What's neat is I've got it to automatically pull the latest changes from github and automatically restart my Node process.
I don't claim this to be particularly clever, and I'm sure I should be able to trigger a pull on the server as a push happens, but this works fairly well for my development workflow (where the app needs to be online) and is pretty simple - which I like.
For those like me who don't care about the detail, here's exactly what I'm doing in the terminal:
$ cd /WWW/jsbin/ $ screen -S gitpull $ watch git pull CTRL+a d $ screen -S jsbin $ nodemon . CTRL+a d
Here's what's going on.
I'm using a linux process called screen which simply put: creates a persistent shell that you can send to the background and retrieve at a later date. This means I can run my processes inside a screen and get them back any time I want if there's some debugging to do.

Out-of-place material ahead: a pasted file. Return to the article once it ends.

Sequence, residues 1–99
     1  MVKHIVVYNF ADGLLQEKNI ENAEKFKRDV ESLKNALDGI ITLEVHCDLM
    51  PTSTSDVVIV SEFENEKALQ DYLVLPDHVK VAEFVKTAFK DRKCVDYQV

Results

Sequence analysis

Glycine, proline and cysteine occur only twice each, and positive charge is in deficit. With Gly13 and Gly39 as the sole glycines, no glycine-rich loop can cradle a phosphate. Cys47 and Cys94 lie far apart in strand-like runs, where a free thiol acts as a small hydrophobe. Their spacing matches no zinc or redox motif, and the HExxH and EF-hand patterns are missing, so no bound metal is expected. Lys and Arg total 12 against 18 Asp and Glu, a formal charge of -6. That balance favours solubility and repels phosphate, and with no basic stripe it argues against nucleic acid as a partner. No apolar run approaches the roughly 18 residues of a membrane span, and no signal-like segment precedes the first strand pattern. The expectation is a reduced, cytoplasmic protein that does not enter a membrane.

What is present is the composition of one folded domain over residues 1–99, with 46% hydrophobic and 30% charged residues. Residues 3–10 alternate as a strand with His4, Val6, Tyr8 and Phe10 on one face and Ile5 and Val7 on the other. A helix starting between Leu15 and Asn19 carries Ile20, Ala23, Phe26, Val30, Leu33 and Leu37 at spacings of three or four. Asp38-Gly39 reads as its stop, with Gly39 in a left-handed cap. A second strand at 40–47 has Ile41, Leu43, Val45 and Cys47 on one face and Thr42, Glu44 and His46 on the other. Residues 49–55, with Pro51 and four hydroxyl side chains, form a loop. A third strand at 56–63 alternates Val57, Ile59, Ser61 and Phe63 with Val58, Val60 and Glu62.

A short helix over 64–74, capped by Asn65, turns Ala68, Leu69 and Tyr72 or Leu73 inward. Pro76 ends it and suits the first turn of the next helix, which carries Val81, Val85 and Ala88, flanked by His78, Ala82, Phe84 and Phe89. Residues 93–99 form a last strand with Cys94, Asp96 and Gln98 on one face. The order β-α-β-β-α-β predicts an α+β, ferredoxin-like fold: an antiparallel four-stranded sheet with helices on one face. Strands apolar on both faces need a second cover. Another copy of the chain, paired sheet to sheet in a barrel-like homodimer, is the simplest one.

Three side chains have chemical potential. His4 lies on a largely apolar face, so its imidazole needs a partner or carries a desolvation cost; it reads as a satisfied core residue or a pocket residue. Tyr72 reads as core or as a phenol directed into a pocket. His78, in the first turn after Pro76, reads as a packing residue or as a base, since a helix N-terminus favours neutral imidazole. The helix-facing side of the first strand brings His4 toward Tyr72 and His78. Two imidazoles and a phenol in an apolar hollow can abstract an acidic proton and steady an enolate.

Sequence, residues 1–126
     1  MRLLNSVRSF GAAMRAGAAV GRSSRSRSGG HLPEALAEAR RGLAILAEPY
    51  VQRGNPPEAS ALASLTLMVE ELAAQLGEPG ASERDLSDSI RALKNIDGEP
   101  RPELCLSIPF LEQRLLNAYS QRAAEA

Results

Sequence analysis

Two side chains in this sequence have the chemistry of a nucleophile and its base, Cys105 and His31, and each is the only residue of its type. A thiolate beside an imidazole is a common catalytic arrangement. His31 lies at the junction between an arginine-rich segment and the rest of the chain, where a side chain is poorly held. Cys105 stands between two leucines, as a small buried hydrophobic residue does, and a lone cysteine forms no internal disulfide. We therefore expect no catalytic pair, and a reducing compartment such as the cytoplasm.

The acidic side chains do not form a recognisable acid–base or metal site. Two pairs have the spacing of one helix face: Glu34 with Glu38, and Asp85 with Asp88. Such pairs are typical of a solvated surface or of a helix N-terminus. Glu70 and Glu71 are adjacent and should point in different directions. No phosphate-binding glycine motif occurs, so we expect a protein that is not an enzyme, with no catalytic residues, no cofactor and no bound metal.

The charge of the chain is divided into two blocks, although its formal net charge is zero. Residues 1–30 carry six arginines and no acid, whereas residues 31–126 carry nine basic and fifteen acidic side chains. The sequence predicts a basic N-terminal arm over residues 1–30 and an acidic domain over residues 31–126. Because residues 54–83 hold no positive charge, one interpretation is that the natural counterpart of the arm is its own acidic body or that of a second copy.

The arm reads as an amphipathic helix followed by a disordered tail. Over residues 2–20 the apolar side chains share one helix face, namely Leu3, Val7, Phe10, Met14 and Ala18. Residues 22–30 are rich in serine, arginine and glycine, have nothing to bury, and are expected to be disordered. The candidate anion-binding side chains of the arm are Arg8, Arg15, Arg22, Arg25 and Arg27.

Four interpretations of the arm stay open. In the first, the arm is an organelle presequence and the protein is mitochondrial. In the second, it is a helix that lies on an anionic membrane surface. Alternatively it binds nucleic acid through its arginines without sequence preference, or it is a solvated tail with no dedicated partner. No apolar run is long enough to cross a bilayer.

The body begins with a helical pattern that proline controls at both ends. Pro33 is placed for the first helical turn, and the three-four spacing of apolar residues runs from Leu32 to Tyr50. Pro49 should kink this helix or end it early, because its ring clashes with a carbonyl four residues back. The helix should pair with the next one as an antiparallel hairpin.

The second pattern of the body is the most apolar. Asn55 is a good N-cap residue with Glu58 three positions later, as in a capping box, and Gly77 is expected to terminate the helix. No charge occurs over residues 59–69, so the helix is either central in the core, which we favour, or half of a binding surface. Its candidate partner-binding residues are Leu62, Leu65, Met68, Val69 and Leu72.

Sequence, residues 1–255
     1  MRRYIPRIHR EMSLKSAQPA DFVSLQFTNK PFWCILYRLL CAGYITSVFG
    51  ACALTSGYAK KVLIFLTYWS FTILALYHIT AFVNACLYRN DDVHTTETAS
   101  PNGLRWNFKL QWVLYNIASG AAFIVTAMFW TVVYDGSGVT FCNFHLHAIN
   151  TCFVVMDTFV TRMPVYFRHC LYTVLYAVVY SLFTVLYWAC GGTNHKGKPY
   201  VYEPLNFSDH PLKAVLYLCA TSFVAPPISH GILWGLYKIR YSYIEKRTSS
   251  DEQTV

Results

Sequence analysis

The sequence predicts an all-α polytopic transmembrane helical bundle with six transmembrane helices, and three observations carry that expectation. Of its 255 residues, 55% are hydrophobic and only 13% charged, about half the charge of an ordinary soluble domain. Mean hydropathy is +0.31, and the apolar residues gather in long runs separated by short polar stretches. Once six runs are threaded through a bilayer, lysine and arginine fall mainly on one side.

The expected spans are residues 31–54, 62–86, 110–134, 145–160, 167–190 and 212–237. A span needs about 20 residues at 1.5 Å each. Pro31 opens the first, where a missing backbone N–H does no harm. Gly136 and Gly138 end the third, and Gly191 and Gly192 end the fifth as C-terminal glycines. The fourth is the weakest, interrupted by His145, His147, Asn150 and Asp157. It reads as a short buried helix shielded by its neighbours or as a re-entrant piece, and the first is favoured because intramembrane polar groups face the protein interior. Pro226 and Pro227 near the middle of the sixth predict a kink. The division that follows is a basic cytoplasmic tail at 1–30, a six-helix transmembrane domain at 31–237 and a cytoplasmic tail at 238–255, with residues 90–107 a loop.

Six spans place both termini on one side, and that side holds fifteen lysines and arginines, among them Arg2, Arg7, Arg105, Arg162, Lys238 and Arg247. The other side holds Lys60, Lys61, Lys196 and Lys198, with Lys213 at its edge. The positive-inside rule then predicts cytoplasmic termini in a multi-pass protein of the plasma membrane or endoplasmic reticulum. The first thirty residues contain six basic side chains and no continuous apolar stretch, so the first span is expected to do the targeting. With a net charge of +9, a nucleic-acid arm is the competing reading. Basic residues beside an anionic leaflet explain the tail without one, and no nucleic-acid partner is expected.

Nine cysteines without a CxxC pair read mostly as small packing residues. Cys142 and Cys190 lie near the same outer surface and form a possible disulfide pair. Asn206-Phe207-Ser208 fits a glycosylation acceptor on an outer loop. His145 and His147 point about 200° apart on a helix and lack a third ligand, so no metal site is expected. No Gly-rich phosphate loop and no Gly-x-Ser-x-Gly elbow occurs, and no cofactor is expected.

Now I've got a way of managing two tasks:
- Pull from github for any changes
- Restart my node process
Once you're inside
screen to detach (and return to your original shell) you use the command sequence
Here's a few extra simple commands:
screen -lswill show all the screen processes you're running and the PIDs they have. You'll need the PID to reattach the screen
screen -r<PID>so in my case:
screen -r gitpullwill reattach and put me back in to the screen
Inside one screen we make use of watch which will keep running a process every 2 seconds. So I "watch" the
git pull command.
Obviously this is a bit crap because it's trying to pull from github to no avail most of the time, but it does mean that when I push new code up, this process will automatically pull.
Which leads me on to restarting...
So that's it. Pretty simple.
MY WORKSHOPMaster Next.js
Everything you need to master universal React with Next.js in a single intense master class. Includes full pass to ffconf, the web developer conf.